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- ItemAnalysis of starch metabolism in South African pigeon pea (Cajanus cajan) varieties(Stellenbosch : Stellenbosch University, 2023-03) Kulu, Nokwanda; Lloyd, James R. ; Peters, Shaun Wayne; Stellenbosch University. Faculty of AgriSciences. Department of Genetics & Institute of Plant Biotechnology.ENGLISH ABSTRACT: Starch is a major storage polyglucan in plants that is composed of two fractions, amylose and amylopectin. The biosynthesis and degradation pathways of starch are well documented, with phosphoglucomutase (PGM) and ADP-glucose pyrophosphorylase (AGPase) catalysing the first two steps in its biosynthesis. This project examined starch in five pigeon pea (Cajanus cajan) varieties: uDhali, SEFA, Nondolo, Lari and India by measuring both total and resistant starches in the seeds and leaves, activities of PGM and AGPase as well as expression of the genes encoding these enzymes. The findings demonstrated that the seeds from these South African pigeon pea varieties are rich in starch, containing an average of 47% starch on a dry weight basis; however, one variety (SEFA) contained only 0.3% starch. The starch in the high- starch varieties contained a minimum of 50% resistant starch, with the India variety reaching 70%. Assessment of soluble sugars in seeds revealed sucrose to be the only sugar present in abundance in all varieties while amounts of galacto-oligosaccharides were low in all seeds. Starch in leaves was observed to be 10 fold less than that found in seeds and the amount of resistant starch in leaves was less than 2 mg/g fresh weight (7.6% of the total). The AGPase gDNA nucleotide sequence from one variety was identical to an already sequenced pigeon pea variety, whereas amplification PGM gDNA was unsuccessful. Amplification of coding sequences (CDSs) for both AGPase and PGM were also identified to be the same as the already sequenced AGPase and PGM genes from the pigeon pea genome resource database. Gene expression for both genes varied throughout a 24 h period and was at its peak during the day (light period). Activities of both AGPase and PGM were determined in seeds from all varieties whereas the AGPase enzyme activity was the same in leaves throughout the day while PGM activity varied between the day (light) and night (dark).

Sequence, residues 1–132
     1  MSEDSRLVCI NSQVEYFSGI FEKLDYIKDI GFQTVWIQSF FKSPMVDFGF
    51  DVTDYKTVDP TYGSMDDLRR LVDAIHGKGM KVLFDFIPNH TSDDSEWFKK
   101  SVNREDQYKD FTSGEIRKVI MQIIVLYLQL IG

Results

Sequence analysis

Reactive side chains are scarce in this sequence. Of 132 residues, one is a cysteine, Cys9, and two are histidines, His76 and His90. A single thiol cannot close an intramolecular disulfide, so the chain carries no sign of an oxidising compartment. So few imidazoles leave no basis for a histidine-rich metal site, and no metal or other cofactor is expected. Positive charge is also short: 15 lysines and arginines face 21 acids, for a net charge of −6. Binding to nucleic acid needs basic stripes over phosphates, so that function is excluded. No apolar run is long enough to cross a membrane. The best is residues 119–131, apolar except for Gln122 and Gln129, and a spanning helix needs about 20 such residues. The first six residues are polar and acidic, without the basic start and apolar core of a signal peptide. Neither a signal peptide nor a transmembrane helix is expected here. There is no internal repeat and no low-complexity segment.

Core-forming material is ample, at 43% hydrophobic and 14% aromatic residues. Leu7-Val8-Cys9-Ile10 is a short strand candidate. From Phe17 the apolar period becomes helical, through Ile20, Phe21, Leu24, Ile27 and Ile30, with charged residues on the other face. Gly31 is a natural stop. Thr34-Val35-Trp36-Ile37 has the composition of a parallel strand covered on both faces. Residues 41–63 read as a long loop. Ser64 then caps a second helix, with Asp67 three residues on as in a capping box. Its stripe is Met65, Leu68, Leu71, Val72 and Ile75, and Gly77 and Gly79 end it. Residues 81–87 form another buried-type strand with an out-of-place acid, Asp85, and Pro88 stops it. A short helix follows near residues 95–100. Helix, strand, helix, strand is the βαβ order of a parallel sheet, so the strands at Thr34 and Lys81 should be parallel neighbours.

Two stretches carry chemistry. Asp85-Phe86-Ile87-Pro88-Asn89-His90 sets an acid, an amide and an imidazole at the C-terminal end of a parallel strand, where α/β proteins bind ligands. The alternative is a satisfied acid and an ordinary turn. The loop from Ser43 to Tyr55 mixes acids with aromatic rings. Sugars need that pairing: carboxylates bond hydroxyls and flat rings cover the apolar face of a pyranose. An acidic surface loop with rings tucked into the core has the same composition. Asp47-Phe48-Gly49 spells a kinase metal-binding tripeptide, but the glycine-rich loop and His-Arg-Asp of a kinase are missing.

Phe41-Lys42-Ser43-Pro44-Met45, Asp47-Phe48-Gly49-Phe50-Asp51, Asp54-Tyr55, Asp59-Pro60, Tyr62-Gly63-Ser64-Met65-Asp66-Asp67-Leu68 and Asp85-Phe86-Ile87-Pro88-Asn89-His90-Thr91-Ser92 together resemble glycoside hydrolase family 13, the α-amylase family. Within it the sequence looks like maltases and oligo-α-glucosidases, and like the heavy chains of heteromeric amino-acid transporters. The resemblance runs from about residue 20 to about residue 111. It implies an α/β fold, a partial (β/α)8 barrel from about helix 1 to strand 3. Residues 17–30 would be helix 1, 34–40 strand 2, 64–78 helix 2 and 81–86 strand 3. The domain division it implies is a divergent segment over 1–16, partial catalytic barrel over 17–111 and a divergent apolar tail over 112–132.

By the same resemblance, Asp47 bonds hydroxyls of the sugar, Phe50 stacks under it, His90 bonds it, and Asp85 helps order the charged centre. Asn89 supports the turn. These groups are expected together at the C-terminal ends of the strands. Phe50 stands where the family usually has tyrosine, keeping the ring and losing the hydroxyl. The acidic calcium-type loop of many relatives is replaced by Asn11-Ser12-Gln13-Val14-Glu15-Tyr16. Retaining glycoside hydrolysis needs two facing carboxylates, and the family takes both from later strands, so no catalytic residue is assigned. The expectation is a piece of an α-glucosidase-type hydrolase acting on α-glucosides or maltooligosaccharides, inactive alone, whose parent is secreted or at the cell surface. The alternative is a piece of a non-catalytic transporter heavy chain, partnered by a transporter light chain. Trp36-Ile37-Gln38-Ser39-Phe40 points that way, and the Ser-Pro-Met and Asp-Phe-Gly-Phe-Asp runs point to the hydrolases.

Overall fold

- ItemAnalysis of phosphoglucomutase isoforms from physcomitrium patens(Stellenbosch : Stellenbosch University, 2023-03) De Stadler, Jessica Amy; Lloyd, James R.; Stellenbosch University. Faculty of AgriSciences. Department of Genetics & Institute of Plant Biotechnology.ENGLISH ABSTRACT: Starch is the main storage polymer found in most plants and plays a significant role in plant fitness. It is a polyglucan and is composed of two separate fractions named amylose and amylopectin. In photosynthetic tissues starch is synthesized in chloroplasts during the day and degraded at night to provide energy which supports metabolism. The pathways of starch synthesis and degradation have been extensively characterised in Angiosperms, however, in non-vascular plants these are less well understood. Physcomitrium patens is a Bryophyte that is an excellent non-vascular model plant due to its fully sequenced genome and the ease at which mutants can be created using homologous recombination. As Bryophytes have been classified as a transitionary species between water-based algae and land plants, research using them sheds light on how biochemical processes (such as starch metabolism) have changed during land colonisation. The first committed step of the starch biosynthetic pathway is the creation of ADP-glucose from glucose 1-phosphate (G1P). The formation of G1P is catalysed by plastidial isoforms of phosphoglucomutase (PGM) and these enzymes are encoded by a highly conserved family of genes. Previous studies in Angiosperms have demonstrated that mutating the plastidial isoform of PGM results in plants that accumulate almost no starch in all organs (Hanson & McHale, 1988; Harrison, et al., 2000; Vriet, et al., 2010). Cytosolic phosphoglucomutase isoforms are also present and the protein sequences of these are similar to those of plastidial isoforms. The first aspect of this project was to identify PGM genes in P. patens that demonstrate high similarity to PGM genes from Arabidopsis thaliana. Four were identified (named PpPGM1-4), and the amino acid sequences of the translated P. patens PGM polypeptides have high similarity to other phosphoglucomutases. The predicted intron-exon boundaries showed that PpPGM1 and PpPGM2 genes contain no introns whereas PpPGM3 and PpPGM4 contain seventeen introns each. Phylogenetic analysis of PGM sequences from red algae, Cyanobacteria and Viridiplantae demonstrated that sequences could be divided into three clades. One contained red algal and cyanobacterial sequences while the other two contained only Viridiplantae PGM’s. One of the Viridiplantae clades contained all isoforms that have been demonstrated experimentally to be plastidial (and PpPGM1 & 2), and the other all isoforms that have been demonstrated experimentally to be localised in the cytosol (and PpPGM3 & 4). The sub-cellular localization of the PGM protein was examined by transiently expressing PGM genes, which had been fused to a gene encoding the green fluorescent protein, in P. patens protoplasts. This demonstrated that PpPGM1 and PpPGM2 were imported into plastids and PpPGM3 and PpPGM4 were localised in the cytosol. All four genes were shown to encode active proteins and their expression restored the wildtype phenotype in an Escherichia coli pgm mutant. Furthermore, analysis of the PGM amino acid sequence showed that PpPGM1 and PpPGM2 both contain a SASHNP active site motif whereas in PpPGM3 and PpPGM4 this is TASHNP. Similarly, a metal binding motif differed between the four polypeptides, being DGDGD in PpPGM1 and PpPGM2 and DGDAD in PpPGM3 and PGM4. The known sugar binding sequence CGEESF was found in all four proteins. These versions of the active sites were conserved across the two Viridiplantae clades. The final aspect of this project was to create knockout mutants of the two plastidial PGM genes in P. patens to identify their effect on phenotype, this was attempted using PEG mediated homologous transformations, several plants survived selection but were demonstrated to be untransformed.